PayPal CEO Dan Schulman has predicted that the growth of digital currencies ranging from Bitcoin to a widely discussed digital dollar is about to cause changes to the financial system to go into overdrive.
Calling the existing financial infrastructure inefficient and in need of change, Schulman told TIME:
“In the next five to 10 years, you’re going to see more change in the financial system than you have over the past 10 to 20 years.”
Schulman said international remittances cost an average of 2.8% — noting that the “take rate” can be four times that for the less affluent, while the wealthy pay less than one tenth.
PayPal launched a cryptocurrency service in November, allowing customers to buy, sell and trade four cryptocurrencies — Bitcoin, Ethereum, Bitcoin Cash and Litecoin — directly from their accounts. By February, the service had “greatly exceeded” the company’s expectations, Schulman said.
On March 30, it allowed U.S. customers to begin using their crypto to directly buy products and services from its network of 29 million merchants around the world. That is being rolled out to other countries.
Schulman said that the move into crypto took six years, waiting for it to become more mainstream before trying to connect with customers and regulators. At the time, he said, cryptocurrencies “were too volatile to be a viable currency. And it was still a little bit too much of people not really understanding what they were going to get into.”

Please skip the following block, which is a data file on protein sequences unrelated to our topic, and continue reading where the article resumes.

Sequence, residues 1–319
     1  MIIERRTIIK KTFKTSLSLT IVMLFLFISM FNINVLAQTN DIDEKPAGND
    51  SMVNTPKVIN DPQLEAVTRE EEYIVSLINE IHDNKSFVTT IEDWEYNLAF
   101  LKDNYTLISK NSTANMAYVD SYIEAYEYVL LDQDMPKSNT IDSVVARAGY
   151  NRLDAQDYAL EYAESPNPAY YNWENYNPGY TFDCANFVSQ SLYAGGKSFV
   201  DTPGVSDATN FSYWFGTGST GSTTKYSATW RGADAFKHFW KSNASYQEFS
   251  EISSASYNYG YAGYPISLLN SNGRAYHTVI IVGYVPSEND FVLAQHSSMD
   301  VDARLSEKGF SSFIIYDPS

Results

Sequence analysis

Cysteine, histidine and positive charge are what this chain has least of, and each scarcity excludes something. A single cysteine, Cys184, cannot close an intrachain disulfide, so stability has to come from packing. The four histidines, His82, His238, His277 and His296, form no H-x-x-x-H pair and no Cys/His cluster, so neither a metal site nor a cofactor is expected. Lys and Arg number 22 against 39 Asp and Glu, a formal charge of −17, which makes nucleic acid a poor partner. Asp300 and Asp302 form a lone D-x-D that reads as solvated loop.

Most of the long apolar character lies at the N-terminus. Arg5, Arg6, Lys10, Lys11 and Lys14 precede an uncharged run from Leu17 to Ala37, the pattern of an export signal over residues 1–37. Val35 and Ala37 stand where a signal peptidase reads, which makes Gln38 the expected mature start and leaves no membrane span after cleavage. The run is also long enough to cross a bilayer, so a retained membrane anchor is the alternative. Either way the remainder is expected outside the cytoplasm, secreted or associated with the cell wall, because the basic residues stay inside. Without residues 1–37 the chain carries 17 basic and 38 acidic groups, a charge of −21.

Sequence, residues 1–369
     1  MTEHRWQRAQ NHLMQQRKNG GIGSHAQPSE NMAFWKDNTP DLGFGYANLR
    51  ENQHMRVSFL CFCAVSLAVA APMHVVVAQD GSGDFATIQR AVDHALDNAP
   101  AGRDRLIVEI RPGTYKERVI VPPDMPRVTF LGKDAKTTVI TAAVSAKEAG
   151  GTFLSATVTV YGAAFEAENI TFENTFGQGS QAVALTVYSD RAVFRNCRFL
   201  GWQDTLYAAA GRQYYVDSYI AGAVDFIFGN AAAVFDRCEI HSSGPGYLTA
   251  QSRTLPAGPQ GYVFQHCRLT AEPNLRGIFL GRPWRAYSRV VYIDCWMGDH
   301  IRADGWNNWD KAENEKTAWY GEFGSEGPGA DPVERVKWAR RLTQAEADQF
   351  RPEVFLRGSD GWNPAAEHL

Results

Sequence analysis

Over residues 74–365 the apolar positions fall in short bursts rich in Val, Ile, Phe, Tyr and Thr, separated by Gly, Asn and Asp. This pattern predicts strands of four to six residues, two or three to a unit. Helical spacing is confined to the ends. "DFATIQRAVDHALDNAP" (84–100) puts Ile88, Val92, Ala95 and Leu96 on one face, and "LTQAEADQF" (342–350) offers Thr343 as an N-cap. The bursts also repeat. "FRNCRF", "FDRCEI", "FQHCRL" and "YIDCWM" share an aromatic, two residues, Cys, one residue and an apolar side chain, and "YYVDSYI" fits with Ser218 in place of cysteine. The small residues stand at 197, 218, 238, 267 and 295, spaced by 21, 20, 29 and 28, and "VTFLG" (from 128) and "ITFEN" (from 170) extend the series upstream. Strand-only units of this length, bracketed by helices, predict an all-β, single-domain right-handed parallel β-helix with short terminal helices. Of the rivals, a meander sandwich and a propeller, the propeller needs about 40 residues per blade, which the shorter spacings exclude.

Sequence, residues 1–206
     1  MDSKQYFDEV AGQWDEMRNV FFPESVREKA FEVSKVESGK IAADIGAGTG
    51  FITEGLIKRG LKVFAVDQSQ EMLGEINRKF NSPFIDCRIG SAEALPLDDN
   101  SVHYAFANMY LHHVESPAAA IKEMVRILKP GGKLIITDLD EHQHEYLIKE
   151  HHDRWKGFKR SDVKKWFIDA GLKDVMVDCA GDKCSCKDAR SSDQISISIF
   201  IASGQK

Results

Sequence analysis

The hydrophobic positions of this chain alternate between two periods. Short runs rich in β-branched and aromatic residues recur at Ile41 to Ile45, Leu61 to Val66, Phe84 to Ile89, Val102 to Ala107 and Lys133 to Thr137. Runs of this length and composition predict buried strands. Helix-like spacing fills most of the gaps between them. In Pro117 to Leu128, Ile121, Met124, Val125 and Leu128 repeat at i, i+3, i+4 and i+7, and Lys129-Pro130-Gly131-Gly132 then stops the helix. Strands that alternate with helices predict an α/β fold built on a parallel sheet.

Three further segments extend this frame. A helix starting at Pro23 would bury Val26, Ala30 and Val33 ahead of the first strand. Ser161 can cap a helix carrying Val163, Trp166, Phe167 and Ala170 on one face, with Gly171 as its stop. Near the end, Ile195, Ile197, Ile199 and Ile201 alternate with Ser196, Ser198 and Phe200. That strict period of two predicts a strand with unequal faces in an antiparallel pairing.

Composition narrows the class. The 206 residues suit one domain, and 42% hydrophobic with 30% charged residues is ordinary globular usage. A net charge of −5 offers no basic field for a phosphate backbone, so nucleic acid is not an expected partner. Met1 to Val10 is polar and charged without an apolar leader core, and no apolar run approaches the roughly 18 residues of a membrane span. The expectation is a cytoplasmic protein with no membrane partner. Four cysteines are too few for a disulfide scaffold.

Bad Actors or Bad Privacy?
In discussing how PayPal protects customers from bad actors and cyber-theft, Schulman revealed that PayPal’s use of Big Data profiles of its customers gives it an immense amount of information about its customers — likely more than many realize:
“[I]t’s not your username and password that’s giving you permission to do that. It is 130 different variables that we look at on every single transaction, in milliseconds, to be sure that it’s you. It’s this idea of Big Data of really understanding who you are, not who you said you are. Things like two-factor authentication, that’s grade-school stuff. It needs to be much, much more sophisticated than that.”